giant pumpkin flower pollinated!

945 N. Harp 5 segment stigma

So the 945 N. Harp pumpkin flower that I said was almost ready to open, did this morning as pictured above. That was really fast to open. So I got some male flowers off the same plant that had pollen and broke them off, stripped away the petals and used them like a little paintbrush to go all around the outside and also inside the stigma. Notice this stigma has 5 segments. Most big pumpkins have 4 or 5 segments and some have 6 but many of the six segment ones abort due to insufficient pollination.

female flower with male flowers around it after hand pollination

The next picture is of the flower after I hand pollinated it with the ‘spent’ stamens in front of it. I almost feel like smoking a cigarette!

The last picture is where I closed up the flower with a twistie tie so the bees won’t accidentally pollinate it with another pumpkin’s pollen. By controlling pollination, I try to control (somewhat) what the future seeds of the pumpkin will be but it won’t affect this year’s pumpkin and what it will look like only it’s seeds.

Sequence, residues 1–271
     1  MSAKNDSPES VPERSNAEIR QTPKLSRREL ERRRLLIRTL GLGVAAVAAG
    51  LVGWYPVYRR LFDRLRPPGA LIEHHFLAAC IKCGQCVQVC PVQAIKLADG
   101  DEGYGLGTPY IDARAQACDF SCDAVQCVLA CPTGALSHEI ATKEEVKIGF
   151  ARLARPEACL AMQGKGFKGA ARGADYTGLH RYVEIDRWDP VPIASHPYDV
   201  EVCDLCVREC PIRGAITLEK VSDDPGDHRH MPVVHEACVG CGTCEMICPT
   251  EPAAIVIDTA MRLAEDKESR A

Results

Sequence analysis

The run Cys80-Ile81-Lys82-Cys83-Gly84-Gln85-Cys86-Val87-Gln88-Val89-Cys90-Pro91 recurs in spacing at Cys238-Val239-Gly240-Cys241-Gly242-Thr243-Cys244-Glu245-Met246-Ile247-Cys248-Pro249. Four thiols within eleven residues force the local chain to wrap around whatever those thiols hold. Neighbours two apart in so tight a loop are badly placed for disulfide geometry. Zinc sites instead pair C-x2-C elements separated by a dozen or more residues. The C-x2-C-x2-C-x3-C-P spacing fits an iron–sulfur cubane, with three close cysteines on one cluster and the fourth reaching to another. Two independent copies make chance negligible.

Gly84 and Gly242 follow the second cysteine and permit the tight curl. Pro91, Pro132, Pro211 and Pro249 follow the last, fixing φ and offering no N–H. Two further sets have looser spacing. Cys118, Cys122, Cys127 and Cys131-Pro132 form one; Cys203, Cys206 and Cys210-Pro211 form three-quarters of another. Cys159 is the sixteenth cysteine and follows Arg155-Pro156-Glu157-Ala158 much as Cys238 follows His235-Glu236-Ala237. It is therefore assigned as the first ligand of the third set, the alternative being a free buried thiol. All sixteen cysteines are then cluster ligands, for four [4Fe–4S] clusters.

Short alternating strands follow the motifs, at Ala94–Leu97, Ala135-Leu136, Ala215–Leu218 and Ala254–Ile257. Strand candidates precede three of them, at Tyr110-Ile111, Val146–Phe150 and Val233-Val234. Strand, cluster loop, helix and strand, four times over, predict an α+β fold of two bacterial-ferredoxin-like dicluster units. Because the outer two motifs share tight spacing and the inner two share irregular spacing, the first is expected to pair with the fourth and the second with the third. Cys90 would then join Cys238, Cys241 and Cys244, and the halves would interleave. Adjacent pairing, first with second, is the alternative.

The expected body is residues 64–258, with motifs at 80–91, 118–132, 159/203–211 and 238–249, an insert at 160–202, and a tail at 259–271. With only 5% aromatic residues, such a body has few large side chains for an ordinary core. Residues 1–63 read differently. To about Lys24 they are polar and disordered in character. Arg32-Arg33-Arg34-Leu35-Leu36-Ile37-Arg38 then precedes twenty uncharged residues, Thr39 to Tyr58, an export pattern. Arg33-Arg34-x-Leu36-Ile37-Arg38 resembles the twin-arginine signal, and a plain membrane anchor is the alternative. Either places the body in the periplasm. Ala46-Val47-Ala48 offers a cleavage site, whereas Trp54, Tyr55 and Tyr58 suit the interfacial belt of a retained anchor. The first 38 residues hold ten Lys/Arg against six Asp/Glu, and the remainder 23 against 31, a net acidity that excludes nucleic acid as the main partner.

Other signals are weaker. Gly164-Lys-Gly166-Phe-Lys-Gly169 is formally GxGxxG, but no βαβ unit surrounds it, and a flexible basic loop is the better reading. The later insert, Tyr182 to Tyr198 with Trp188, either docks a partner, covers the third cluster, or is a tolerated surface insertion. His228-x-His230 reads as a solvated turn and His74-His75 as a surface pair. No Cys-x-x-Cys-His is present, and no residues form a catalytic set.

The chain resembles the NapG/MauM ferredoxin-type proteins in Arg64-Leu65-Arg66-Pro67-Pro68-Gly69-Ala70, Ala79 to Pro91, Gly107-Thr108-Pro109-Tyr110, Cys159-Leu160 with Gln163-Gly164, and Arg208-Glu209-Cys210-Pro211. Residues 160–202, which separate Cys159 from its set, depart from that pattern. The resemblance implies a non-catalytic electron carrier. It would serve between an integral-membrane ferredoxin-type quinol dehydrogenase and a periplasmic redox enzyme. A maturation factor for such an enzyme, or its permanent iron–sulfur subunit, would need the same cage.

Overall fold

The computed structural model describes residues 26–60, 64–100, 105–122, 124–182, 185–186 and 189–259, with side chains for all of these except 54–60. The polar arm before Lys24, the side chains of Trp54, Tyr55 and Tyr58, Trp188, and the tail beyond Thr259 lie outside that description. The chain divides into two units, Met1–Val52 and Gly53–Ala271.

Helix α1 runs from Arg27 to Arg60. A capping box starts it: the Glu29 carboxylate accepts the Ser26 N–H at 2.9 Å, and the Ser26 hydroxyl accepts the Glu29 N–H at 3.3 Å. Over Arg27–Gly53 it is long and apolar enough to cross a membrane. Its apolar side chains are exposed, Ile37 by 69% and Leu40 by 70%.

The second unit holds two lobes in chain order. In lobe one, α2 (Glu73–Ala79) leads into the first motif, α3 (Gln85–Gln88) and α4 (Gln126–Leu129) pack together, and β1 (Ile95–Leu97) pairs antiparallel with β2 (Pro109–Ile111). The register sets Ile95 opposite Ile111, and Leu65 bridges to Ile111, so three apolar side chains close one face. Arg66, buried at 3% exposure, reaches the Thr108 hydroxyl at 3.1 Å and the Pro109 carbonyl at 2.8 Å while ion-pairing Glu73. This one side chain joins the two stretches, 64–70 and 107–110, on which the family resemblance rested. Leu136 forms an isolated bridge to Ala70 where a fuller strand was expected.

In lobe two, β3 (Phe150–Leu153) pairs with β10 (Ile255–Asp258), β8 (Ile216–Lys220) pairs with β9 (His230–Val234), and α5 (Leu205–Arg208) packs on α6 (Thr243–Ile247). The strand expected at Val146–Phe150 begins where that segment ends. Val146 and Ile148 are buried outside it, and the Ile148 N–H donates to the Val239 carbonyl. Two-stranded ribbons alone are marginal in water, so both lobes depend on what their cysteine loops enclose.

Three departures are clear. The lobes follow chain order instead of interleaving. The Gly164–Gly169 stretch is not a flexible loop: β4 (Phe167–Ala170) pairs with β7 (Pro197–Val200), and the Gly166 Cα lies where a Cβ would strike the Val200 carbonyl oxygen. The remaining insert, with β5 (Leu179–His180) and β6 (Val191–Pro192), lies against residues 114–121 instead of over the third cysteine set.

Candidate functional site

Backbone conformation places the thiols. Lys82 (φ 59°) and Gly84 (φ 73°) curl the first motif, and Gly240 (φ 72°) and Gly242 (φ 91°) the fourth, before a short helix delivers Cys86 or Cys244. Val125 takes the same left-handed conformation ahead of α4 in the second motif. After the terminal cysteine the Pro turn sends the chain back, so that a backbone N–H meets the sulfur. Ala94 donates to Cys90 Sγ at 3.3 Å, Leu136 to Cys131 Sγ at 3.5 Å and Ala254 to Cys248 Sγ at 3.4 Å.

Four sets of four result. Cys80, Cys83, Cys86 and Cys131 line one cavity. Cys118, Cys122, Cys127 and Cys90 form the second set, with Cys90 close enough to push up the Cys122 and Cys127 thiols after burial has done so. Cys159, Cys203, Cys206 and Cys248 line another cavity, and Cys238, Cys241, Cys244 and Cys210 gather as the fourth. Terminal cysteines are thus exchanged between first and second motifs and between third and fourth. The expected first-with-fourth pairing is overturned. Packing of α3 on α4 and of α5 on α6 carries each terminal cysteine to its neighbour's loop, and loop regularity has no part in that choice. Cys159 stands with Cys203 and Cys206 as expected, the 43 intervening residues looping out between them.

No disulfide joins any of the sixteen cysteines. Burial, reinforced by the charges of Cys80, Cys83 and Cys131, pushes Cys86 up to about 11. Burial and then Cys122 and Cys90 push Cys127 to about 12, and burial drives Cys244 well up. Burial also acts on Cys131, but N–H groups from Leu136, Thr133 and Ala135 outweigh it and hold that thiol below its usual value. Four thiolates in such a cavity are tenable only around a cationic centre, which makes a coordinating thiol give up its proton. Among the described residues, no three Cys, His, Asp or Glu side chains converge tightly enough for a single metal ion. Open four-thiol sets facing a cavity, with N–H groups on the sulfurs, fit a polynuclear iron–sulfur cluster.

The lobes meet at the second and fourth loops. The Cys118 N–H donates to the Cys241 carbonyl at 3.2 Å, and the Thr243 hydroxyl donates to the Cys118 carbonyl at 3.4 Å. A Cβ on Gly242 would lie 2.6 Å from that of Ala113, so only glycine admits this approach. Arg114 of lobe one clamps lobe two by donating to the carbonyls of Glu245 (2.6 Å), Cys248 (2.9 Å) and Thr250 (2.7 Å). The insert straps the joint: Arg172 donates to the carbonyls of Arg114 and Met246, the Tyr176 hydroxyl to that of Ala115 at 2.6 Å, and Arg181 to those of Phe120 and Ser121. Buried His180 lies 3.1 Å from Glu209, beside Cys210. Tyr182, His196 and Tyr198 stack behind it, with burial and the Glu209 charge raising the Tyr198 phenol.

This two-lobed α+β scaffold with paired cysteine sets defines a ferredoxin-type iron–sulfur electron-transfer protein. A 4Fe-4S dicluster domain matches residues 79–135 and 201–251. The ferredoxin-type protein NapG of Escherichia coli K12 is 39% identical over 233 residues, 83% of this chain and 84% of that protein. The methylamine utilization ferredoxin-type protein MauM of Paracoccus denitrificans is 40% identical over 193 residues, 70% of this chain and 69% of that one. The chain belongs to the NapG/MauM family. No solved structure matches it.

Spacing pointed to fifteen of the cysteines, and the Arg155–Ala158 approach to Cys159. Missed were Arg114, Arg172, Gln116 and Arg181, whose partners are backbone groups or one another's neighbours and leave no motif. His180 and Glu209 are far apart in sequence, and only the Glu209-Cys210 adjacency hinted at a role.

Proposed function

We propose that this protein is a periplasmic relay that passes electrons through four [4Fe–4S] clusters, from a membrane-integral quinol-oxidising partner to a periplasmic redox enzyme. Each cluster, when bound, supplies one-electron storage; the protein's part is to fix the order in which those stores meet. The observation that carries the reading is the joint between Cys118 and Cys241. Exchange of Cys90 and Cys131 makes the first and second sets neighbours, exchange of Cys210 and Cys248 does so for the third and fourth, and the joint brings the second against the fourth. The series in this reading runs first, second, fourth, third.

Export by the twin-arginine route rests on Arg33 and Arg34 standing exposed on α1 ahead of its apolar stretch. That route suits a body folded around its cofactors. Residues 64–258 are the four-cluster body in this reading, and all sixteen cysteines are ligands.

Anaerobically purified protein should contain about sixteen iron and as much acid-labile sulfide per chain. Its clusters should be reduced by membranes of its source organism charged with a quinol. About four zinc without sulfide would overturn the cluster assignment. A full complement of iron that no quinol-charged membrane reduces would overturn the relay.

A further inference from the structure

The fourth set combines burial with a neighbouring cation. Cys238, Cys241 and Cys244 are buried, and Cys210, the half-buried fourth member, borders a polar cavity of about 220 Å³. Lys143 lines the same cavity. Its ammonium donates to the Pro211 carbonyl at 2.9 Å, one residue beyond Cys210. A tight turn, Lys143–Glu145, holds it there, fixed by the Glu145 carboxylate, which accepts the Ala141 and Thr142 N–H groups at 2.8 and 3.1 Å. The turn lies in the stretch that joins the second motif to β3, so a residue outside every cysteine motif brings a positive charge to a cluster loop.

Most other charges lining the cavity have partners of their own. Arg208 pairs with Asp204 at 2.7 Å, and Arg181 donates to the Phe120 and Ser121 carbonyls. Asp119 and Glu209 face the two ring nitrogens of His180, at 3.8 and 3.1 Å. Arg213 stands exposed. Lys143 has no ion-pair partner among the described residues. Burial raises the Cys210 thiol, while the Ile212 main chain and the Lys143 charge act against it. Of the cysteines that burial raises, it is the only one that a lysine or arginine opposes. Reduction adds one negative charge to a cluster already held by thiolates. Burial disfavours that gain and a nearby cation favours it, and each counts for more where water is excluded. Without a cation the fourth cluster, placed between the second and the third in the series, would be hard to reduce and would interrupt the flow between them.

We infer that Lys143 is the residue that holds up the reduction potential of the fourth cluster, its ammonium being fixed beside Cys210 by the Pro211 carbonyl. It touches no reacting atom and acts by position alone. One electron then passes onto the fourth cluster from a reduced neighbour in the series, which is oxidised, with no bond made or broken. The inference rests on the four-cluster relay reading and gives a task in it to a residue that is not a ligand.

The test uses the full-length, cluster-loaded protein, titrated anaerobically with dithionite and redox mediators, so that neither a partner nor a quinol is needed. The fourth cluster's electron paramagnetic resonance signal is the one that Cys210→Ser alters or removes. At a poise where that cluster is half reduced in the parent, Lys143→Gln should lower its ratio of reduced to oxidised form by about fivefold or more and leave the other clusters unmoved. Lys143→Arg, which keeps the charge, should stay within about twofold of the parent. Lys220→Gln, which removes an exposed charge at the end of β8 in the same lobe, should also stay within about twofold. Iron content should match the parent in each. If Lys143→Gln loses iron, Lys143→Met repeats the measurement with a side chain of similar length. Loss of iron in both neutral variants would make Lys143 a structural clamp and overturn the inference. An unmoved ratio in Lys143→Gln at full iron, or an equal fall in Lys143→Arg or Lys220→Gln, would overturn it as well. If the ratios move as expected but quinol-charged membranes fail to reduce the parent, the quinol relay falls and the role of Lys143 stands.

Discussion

pollinated giant pumpkin flower closed with twistie

I will cross pollinate some of the other female blossoms with some of my other pumpkin plants to see what the next generation’s seeds will produce next year. But this one I self pollinated it. So on the same pumpkin plant you could have some pumpkins that were self pollinated and others that were pollinated with other pumpkin plants.

What do you think??

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